About our staff
Dr Zubin Mistry
BA, MA, PhD
Lecturer; Early Medieval European History
- School Academic Conduct Officer
- Programme Director for MSc History
Affiliated research centres
I grew up round the corner from Wembley Stadium in north-west London. A previous version of this profile suggested that this might explain an (amateur) interest in the history of football. But I've since deleted this when I realised that what's really not much more than an unusual ability to remember all the hat-tricks scored by the former Arsenal, Middlesborough and Hull City footballer, Ray Parlour, might be mistaken for some form of historical expertise. (Two hat-tricks, incidentally).
If I do have any expertise, it's in early medieval history. I originally studied Classics as an undergraduate before doing an MA in Ancient History. For better or for worse, I'm no longer a clean-cut classicist after drifting into the earlier Middle Ages while doing my PhD, though I still prefer to work with dates in three digits. Throughout my postgraduate years I worked in a bookshop (and still miss that staff discount). While writing up my PhD I also became one of those people who goes on about how good The Wire is. It's really good.
I spent two years as a teaching fellow at University College London and in 2014 I went to Queen Mary University of London as a Leverhulme Early Career Fellow. I moved up to Edinburgh in 2015 and started as a Lecturer in 2017.
I'm the Programme Director for the MSc in History and welcome any enquiries from prospective students.
I'm a co-ordinator of the Histories of Gender and Sexuality research group, and also a co-ordinator of the History of Science, Medicine and Technology Research Group (HSMT-Ed).
Fellow of the Royal Historical Society
Summary of research interestsPlaces:
- Britain & Ireland
- Medicine, Science & Technology
I am interested in the religious, social and political history of early medieval Europe and beyond. To date, my research uses themes in the history sexuality and reproduction to explore dynamics in early medieval societies. My first book (Abortion in the Early Middle Ages) explored the varying ways in which early medieval authorities and communities construed and negotiated abortion as a social, theological and moral problem.
While I have been looking at religion and law for a while now, more recently I am also interested in political culture (especially gendered dimensions of early medieval politics), and health and medicine in early medieval societies.
Current research activities
My current research examines infertility and childlessness in early medieval societies focussing particularly on Carolingian Europe (c.750-900). This project has three main strands.
First, socio-political negotiations of childlessness (and sonlessness). Reproductive failure is deeply woven into the grand narrative of the Carolingian dynasty. My research examines the 'successes' as well as the 'failures' to probe more carefully the gendered political repercussions of childlessness. I am also beginning to explore social dimensions of childlessness (especially in connection with kinship and inheritance) more broadly across society - or at least as broadly as sources like charters can allow.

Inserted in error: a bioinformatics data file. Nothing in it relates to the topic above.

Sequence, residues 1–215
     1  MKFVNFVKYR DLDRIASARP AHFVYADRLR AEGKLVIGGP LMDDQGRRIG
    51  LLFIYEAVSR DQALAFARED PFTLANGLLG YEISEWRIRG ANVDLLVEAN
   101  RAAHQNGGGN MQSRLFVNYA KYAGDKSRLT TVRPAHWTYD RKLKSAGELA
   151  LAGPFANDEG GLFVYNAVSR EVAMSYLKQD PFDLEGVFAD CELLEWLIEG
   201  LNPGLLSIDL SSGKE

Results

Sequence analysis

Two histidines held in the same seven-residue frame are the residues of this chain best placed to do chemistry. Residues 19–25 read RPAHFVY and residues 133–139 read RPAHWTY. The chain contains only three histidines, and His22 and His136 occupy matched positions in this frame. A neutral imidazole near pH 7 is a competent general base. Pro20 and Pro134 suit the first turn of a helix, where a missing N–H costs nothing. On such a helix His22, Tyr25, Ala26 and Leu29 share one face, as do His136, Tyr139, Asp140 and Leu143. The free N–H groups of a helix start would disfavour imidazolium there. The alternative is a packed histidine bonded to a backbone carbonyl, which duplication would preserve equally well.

Second, the 'Christianisation' of fertility. I am looking at representations of (in)fertility in ecclesiastical texts (e.g. biblical commentaries, liturgical texts, pastoral literature, hagiography) to see how fertility was 'good to think with' and also to examine how laypeople negotiated fertility through religious institutions.
Third, early medieval reproductive technologies. I am exploring medical and non-medical reproductive technologies found in the sizeable, but still under-studied, body of medical manuscripts that begin to survive in significant numbers from the ninth century. Fertility provides one way too of thinking more broadly on the place of medical learning and practice in early medieval societies.
I am currently working on understanding the role of monasteries as sites of meaning and practices relevant to how laypeople negotiated fertility.
In addition, as a side-project I have also been researching the understanding and use of the body in early medieval penance as envisaged in penitentials (handbooks for confessors).
The Sterility of their Wives: Handling Infertility in Carolingian Europe (Leverhulme Early Career Research Fellowship, 2014-17)
- Medieval Worlds: A Journey through the Middle Ages
- Introduction to Historiography
- Early Medieval Sexualities
- The Power of Religion in the Early Middle Ages
- Sources of Medieval History
- Debating Marriage between Antiquity and the Middle Ages
- Approaches to the Long Late Antiquity
- Historical Research
- Historical Methodology
Abortion in the Early Middle Ages, c.500-900 (Woodbridge, 2015)
Articles and book chapters
'Ermentrude's consecration (866): Queen-making rites and biblical templates for Carolingian fertility', Early Medieval Europe (forthcoming)
'The womb of the Church: Uterine expulsion in the Early Middle Ages', in M. Erica Couto-Ferreira and Lorenzo Verderame (eds), Cultural Constructions of the Uterus in Pre-Modern Societies, Past and Present (Newcastle, 2018), pp. 150-69
'The sexual shame of the chaste: "Abortion miracles" in early medieval saints’ lives’, Gender & History. 25.3 (2013), pp. 607-20.
Review of Jamie Kreiner and Helmut Reimitz (ed.), Motions of Late Antiquity: Essays on Religion, Politics, and Society in Honour of Peter Brown, Classical Review 68.1 (2018), 193-5
Review of David d'Avray, Papacy, Monarchy and Marriage 860-1600, Francia-Recensio 2016/4 Mittelalter -Moyen Âge (500-1500)
Review of Wolfgang P. Müller, The Criminalization of Abortion in the West: Its Origins in Medieval Law, Mediaeval Journal 4.1 (2014)